TSENG KWONG CHICape Canaveral, Florida, 1985, silver gelatin print, 38.1 × 38.1 cm. All images courtesy Ben Brown Fine Arts, Hong Kong.

Citizen of the World

Tseng Kwong Chi

Ben Brown Fine Arts
Hong Kong

The legacy of Hong Kong-born photographer Tseng Kwong Chi (1950–90) is currently being presented in a comprehensive exhibition titled “Citizen of the World” at Ben Brown Fine Arts, Hong Kong. In collaboration with the artist’s estate, managed by his sister Muna Tseng, the exhibition offers an exemplary selection of his iconic black-and-white self-portraits from the “Expeditionary Self-Portraits Series” (also known as “East Meets West,” 1979–89), in which he is posed in front of various tourist sites dressed in a Mao suit. Tseng’s works have been exhibited worldwide, including at the 1985 Whitney Biennial and posthumously at the 2004 Shanghai Biennale.

There are several reasons this exhibition is worth the visit. For the first time in the artist’s exhibition history, several of his self-portraits are being shown in a remarkably large-scale format, finally fulfilling the wish of the late artist. During his lifetime, Tseng had desired for his self-portraits to be displayed on a monumental scale; however, technological limitations and his premature death prevented his dream from coming true. The exhibition is also remarkable in its inclusion of rare sepia landscapes from the later part of the “Expeditionary” series, as well as Tseng’s photographic documentation of the infamous Mudd Club—and the “creative denizens of the artistic underground”—from New York’s East Village of the late 1970s and early ’80s.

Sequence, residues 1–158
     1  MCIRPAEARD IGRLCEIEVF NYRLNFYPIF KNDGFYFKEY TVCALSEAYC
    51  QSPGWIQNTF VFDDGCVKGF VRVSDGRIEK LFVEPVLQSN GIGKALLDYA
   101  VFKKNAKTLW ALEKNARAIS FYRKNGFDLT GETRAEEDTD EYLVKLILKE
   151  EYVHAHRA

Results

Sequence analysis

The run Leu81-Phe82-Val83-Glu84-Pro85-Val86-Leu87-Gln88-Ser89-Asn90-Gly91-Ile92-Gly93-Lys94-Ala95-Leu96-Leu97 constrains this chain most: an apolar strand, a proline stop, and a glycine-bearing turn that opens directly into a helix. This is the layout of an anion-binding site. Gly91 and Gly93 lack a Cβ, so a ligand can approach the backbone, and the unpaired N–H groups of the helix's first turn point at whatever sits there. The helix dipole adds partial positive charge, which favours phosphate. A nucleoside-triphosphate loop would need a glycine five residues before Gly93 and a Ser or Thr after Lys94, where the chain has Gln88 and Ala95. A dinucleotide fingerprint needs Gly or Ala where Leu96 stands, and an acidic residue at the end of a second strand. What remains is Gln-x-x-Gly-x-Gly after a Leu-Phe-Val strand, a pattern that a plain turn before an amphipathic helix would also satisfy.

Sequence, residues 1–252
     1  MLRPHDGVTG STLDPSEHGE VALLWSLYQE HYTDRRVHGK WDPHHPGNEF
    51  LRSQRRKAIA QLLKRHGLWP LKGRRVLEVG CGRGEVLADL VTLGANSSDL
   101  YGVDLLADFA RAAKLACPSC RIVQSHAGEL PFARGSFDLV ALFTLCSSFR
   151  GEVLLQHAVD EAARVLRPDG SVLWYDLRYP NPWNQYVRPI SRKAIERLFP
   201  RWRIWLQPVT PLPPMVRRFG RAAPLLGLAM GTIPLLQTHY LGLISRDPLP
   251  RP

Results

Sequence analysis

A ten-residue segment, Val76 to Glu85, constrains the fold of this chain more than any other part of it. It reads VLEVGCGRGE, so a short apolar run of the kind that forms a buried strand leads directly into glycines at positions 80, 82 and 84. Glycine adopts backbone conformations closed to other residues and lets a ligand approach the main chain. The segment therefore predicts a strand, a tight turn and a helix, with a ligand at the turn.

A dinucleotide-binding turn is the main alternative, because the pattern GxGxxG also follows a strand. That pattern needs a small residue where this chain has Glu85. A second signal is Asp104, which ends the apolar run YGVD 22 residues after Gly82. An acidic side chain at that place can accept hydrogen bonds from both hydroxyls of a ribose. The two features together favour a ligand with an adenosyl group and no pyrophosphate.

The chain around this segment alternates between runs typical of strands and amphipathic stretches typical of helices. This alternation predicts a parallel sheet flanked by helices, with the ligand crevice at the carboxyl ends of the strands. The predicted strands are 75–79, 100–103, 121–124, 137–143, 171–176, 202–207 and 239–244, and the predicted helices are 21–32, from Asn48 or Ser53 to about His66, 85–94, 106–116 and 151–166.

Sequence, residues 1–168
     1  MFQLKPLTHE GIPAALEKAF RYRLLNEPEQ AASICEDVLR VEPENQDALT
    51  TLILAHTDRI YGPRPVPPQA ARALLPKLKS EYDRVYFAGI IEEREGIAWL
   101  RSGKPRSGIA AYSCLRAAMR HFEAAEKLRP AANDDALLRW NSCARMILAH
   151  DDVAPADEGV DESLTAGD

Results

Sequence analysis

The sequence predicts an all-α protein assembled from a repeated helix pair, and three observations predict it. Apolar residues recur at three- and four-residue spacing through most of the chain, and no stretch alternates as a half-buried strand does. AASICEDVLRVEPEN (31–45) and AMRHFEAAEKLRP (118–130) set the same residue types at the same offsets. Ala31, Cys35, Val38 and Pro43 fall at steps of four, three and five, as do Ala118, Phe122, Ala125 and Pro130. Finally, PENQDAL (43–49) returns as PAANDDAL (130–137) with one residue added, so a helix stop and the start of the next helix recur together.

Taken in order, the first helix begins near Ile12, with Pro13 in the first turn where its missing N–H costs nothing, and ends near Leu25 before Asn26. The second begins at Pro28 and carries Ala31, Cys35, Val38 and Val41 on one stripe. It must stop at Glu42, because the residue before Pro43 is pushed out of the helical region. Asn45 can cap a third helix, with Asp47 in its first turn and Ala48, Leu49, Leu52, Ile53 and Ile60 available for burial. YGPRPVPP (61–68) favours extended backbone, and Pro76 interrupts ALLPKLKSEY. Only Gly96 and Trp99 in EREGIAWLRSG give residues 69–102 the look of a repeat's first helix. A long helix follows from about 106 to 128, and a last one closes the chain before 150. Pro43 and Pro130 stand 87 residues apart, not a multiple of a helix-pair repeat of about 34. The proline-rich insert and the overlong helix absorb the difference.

The icing on the cake are two self-portraits in color that have not been publicly shown since 1983, both entitled East Meets West Manifesto (1983). The two images portray Tseng, partially obscured between the Chinese and American flags, wearing his infamous Mao suit and reflective glasses, and holding a cable release that is attached to his camera. In one print he is seen examining a little booklet of Mao quotations.

Tseng was truly a citizen of the world. After spending his childhood in Hong Kong, Tseng moved to Canada with his family at the age of 16. He later studied photography and painting in Paris before finally settling down in New York in 1978. He quickly found a home in the artistic underground of the East Village, forming close circles with artists such as Jean-Michel Basquiat, Keith Haring and Julian Schnabel. And it was in New York that the legend of Tseng Kwong Chi was created. The story goes that during one fateful visit from his parents, Tseng and his sister were to attend a dinner at a high-end restaurant, which had a dress code. Tseng, at this time, did not own a suit, so he improvised and donned a Mao suit that he had purchased by chance from a thrift shop in Montreal. While his parents, who were Nationalists, were unimpressed by Tseng’s choice of attire, upon seeing Tseng in his Mao suit the restaurant’s maître d’ allegedly treated him like a Chinese dignitary—a VIP. In this moment, his artistic persona, the “Ambiguous Ambassador,” was formed.

The black-and-white photographs from the “Expeditionary” series portray Tseng posing in front of various iconic monuments and architecture in both the United States and Europe. He was intrigued by the notion of world travel, the clash of Eastern and Western cultures, and inspired by postmodern artists such as Andy Warhol, who believed that, in the future, everyone would be world-famous for 15 minutes. Tseng set off to cultivate his own persona: an Asian-American world-traveller, which was a particularly important identity in an era where in China—the land of his ancestral heritage—the ordinary national could not travel outside of the country.